PM5316: On Freedom of Choice in Belief

Freedom of Choice in Belief
Some say “we have no choice in what we believe”. They are mistaken.

What is belief?

To have a belief is to have, with respect to some proposition, a tendency to:
  1. assert the truth of that proposition in one’s own thoughts
  2. assert the truth of that proposition in one’s communications with others
  3. to act as if the proposition were true
The word “tendency” is important. It is a disposition, but not an insurmountable disposition. If I believe something, then I will be disposed to share that belief with others; and yet, if I do not do so, that does not necessarily imply I lack the belief. For example, suppose I have some belief which is very unpopular; I may decide to keep it to myself, out of fear for the social or other consequences of espousing it; my doing so does not mean I lack belief, because although my belief motivates me to communicate the proposition, another stronger disposition motivates me to refrain from doing so. Similarly, I may possess a belief, but never communicate it with others, because there never arises circumstances in which it would be appropriate to do so. I believe “water is a liquid”, but I am not going to say or write that unless it is somehow cogent to our discussion.

We might say that only in the first prong, of inner thought, is the tendency absolute. One can believe something yet have good reasons to not say it is true, or to not otherwise change one’s actions on account of the belief; but if one does not even think something, how can one be said to believe it? The first prong is the only essential and indefeasible component of belief; but the second and third prongs are nonetheless important, both because they are the only externally accessible signs of belief, and because while they are defeasible, they are not irrelevant: one can have a belief yet not communicate it, if either a good occasion for doing so does not arise, or if one has good reason to not do so; but if one has a good occasion to express a belief, and one does not have a good reason to not do so, and yet one does not in such circumstances express it, that implies that one does not actually have the belief in question.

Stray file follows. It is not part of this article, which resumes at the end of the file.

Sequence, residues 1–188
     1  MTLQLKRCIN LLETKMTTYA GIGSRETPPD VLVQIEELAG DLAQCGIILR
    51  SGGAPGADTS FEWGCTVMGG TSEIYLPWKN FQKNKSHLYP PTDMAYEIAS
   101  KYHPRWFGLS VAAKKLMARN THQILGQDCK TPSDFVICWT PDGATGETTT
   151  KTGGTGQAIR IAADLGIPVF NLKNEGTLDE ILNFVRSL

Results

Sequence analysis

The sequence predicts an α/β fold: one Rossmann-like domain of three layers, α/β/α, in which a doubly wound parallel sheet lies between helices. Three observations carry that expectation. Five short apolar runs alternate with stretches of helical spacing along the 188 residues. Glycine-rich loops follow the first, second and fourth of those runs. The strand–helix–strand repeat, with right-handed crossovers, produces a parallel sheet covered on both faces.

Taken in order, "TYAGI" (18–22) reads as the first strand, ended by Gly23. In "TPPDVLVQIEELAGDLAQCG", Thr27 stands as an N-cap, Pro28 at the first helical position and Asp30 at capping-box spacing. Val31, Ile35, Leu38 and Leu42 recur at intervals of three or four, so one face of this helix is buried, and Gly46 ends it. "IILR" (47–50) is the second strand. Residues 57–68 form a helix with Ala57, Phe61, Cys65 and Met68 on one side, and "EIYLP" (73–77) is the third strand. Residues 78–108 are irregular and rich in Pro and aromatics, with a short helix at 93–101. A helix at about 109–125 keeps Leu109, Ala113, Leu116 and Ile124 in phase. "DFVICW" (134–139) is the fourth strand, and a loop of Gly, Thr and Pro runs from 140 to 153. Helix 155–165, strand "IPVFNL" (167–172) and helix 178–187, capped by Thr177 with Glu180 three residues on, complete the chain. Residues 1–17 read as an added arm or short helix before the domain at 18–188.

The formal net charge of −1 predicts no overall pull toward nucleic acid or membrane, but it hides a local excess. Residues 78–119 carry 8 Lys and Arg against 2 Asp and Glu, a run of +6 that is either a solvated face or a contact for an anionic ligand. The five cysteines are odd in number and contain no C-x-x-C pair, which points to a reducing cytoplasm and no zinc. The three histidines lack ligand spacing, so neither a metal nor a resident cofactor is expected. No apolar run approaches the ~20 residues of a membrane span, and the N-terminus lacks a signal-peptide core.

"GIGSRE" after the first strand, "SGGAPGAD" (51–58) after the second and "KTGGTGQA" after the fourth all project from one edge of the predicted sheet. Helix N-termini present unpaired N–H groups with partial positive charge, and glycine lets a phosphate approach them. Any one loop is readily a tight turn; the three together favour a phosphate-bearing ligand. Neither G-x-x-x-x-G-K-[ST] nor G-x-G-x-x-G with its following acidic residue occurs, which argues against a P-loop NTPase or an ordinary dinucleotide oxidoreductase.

Clearly, tendencies or dispositions can differ in strength, being stronger or weaker. Beliefs will differ both in strength when compared to other beliefs, and also in strength compared to other non-belief dispositions – suppose I have some unpopular belief, which if expressed will result in social opprobrium. Now, believing in the belief, I have a disposition to communicate it at others; at the same time, I have a disposition to avoid social opprobrium. Whether I in fact do communicate the belief to others depends, at least in part, on which disposition is stronger – the disposition of belief, or the disposition to avoid opprobrium.

Thus belief is not an either-or question. It is not as simple as you either have a belief or you don’t. You can have a belief weakly, you can have a belief strongly, etc. An attempt to change your beliefs might not change you from an absent belief to a strong one, but maybe it might change an absent belief to a weak one, or a weak belief to a stronger one. Sometimes, in looking for the big changes, we fail to see the smaller ones.

We should also make clear, that the strength of a belief is not the same as the strength of evidence for a belief, or the likelihood that it is true, or so on. One might say that we ought adjust our strength of belief to match the strength of the available evidence, to match the likelihood that the belief is true; but even if ought to do that, that does not mean that we actually do in any particular circumstance. The strength of evidence is not relevant to how strong our beliefs are, although it is relevant to the question of how strong they ought to be.